Consult your baby's pediatrician for more information on how to protect your baby from measles.
By: Kris Fedenia, RN
For the past several weeks, vaccines have been in the news — particularly the measles, mumps and rubella (MMR). All of this media coverage has stirred up controversy over what to do about outbreaks of measles, concerns over those who are not immunized and how best to protect your baby.
This topic was of special concern to members of our Mother Baby Hour groups whose babies are 0-9 months old. They asked, “What do you need to know and how do you make an informed choice?”
The History of the Disease Before the Immunization
In the decade before the live measles vaccine was licensed in 1963, an average of 549,000 measles cases and 495 measles deaths were reported annually in the United States. However, the number may have been much higher because most cases were not reported. Of the reported cases, approximately 48,000 people were hospitalized from measles and 1,000 people developed chronic disability from acute encephalitis (brain swelling).
There has been a 99% decrease in the reported incidence in the United States since the vaccine was first licensed in 1963. In 1989, the American Academy of Pediatrics recommended a second dose of MMR, which further reduced the incidence to less than 1 case per million. Measles was considered eliminated from the United States in 2000 due to use of the MMR vaccine.
The current outbreak is due to people with measles visiting this country, spreading it to unvaccinated people and people with unknown vaccination status. It can also be spread by unvaccinated Americans bringing it back to the United States after visiting other countries, and a small number of cases have occurred in those who have been vaccinated.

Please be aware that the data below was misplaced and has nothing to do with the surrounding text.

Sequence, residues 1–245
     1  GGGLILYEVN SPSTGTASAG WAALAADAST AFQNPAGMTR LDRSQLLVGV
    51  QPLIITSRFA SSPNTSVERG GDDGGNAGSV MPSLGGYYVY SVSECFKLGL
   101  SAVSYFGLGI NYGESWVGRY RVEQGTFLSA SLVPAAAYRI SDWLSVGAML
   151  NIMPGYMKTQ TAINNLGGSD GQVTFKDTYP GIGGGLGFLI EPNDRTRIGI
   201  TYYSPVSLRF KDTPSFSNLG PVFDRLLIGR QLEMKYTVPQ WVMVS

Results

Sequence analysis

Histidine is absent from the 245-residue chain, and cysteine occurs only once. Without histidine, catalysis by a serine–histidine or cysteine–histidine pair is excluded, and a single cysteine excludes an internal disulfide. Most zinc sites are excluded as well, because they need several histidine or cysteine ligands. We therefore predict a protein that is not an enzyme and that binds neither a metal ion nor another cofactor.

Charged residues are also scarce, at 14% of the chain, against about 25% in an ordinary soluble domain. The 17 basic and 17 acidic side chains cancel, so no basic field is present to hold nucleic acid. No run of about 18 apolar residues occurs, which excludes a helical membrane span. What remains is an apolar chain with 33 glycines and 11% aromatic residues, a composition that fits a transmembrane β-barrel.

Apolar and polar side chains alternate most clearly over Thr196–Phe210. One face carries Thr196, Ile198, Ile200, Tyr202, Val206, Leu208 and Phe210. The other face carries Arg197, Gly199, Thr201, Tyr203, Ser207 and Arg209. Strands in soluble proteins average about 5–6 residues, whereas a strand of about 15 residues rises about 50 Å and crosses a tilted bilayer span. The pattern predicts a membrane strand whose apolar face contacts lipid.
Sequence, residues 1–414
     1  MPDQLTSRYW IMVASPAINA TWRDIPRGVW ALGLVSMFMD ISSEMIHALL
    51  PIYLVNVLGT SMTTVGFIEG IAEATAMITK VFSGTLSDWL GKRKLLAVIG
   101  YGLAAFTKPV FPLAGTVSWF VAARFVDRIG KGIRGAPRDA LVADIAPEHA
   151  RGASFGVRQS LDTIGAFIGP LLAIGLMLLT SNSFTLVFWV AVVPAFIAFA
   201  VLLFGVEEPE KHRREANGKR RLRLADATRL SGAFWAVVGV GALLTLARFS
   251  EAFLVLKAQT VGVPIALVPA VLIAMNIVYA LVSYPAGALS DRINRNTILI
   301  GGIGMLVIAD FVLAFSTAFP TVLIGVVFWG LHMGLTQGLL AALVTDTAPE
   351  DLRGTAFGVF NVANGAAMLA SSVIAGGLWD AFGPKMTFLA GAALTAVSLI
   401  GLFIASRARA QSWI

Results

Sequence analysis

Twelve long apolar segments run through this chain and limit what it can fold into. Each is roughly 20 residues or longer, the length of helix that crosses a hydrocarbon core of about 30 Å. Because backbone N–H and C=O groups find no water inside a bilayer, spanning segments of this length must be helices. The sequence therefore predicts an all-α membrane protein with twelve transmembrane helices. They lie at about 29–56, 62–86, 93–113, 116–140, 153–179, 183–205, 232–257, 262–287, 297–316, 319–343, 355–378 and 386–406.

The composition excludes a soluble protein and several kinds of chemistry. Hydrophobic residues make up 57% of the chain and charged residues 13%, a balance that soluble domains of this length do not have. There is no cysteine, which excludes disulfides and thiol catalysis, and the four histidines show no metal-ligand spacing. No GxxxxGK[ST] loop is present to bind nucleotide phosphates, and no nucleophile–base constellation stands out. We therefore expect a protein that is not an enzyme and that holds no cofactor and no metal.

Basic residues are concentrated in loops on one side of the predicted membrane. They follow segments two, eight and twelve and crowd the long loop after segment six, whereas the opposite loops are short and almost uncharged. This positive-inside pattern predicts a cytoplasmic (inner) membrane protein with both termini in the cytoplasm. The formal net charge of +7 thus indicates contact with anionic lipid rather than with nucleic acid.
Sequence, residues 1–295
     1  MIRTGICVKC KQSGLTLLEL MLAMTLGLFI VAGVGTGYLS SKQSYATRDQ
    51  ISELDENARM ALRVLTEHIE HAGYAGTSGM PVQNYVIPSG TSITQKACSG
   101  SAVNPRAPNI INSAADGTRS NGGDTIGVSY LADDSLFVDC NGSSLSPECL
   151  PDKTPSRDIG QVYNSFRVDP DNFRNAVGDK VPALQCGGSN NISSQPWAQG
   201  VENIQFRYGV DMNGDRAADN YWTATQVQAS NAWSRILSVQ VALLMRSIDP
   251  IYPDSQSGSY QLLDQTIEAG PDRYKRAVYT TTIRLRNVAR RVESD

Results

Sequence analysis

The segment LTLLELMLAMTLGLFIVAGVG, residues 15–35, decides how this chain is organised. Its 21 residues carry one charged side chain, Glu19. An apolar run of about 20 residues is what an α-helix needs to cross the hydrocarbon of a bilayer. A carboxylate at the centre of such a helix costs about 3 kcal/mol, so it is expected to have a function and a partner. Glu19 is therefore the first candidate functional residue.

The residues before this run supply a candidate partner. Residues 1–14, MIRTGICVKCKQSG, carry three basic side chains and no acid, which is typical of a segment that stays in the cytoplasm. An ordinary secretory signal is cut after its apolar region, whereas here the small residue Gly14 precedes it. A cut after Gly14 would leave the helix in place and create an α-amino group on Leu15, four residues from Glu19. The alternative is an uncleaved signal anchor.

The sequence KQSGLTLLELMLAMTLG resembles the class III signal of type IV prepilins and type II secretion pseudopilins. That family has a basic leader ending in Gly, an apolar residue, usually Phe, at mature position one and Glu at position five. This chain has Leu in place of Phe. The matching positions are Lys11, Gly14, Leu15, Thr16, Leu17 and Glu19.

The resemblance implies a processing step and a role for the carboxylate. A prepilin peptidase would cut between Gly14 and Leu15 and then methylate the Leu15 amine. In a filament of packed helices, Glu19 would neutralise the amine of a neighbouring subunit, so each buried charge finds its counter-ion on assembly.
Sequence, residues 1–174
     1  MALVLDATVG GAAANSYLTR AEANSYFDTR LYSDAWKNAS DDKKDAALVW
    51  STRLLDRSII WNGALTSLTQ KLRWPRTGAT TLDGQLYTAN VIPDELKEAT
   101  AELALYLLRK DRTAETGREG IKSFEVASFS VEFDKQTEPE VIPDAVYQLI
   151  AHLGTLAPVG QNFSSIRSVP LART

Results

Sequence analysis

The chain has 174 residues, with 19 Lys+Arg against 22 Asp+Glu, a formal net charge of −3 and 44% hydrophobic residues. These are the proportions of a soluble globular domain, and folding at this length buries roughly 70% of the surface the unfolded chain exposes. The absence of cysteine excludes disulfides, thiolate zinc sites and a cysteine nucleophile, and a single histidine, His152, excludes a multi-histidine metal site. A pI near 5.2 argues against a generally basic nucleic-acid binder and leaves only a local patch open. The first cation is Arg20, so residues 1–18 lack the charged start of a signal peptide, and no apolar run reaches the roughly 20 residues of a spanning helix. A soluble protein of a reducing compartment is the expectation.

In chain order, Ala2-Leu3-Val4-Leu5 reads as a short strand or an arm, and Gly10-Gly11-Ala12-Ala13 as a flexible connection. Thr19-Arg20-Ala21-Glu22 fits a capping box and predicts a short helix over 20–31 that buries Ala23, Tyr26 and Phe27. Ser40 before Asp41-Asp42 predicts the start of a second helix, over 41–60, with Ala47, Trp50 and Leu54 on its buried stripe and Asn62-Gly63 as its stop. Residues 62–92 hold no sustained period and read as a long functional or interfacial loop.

How Does This Disease Spread?
Measles is one of the most highly communicable infectious diseases. It is transmitted by direct contact with droplets when an infected person sneezes or coughs or less commonly, by airborne spread. The incubation period is generally 8-12 days from exposure to onset of symptoms. People can spread the disease from 4 days before to 4 days after the appearance of the rash.
What Happens When You Get the Measles?
For most people, having the measles virus usually means a fever greater than 101oF, cough, runny nose and red sensitive eyes. White spots may appear on the inside of the mouth a few days before a rash, which begins on the face and eventually spreads to the rest of the body.
Additional Complications for Some People
Complications include ear infection, pneumonia, croup, and diarrhea. One of every 1,000 cases results in acute encephalitis which can lead to permanent brain damage.
How to Protect Your Baby
Follow these steps to protect your baby and those who are unable to get vaccinated (people with lowered immune systems, receiving chemotherapy, etc.):
First, consult your baby’s care provider. If your baby is 12 months or beyond, the MMR vaccine can be given, with a second vaccine given between 4-6 years. If there is an outbreak in your community, the second dose can be given 28 days after the first for greater protection.
- If your baby is 6-12 months and you will be traveling out of the country, your baby’s provider may recommend the MMR vaccination now. Your baby would then receive the regularly scheduled MMR between 12 -15 months and again between 4-6 years.
- If your baby is less than 6 months, he or she may have some passive immunity to the measles if mom was vaccinated or had the measles herself. This passive immunity lasts for several weeks or months after birth. Breast-fed babies continue to receive antibodies through breast milk that help keep them protected from diseases that affect the intestinal system, but not the measles.
How Do You Treat the Measles?
There is no specific antiviral treatment for the measles. If you think your baby may have been exposed to the measles, contact his or her care provider for specific recommendations.
What Are the Risks Associated with Getting the MMR Vaccine?
A very small number of those vaccinated may develop a fever and/or rash. Even with these complications, people are not contagious.
There is no evidence that any of the components of the vaccine cause any long-term side effects. Click here to read more about the extensive research done on the vaccine schedule by the Independent Institute of Medicine.
Visit the Centers for Disease Control and Prevention for more information on vaccines in general.
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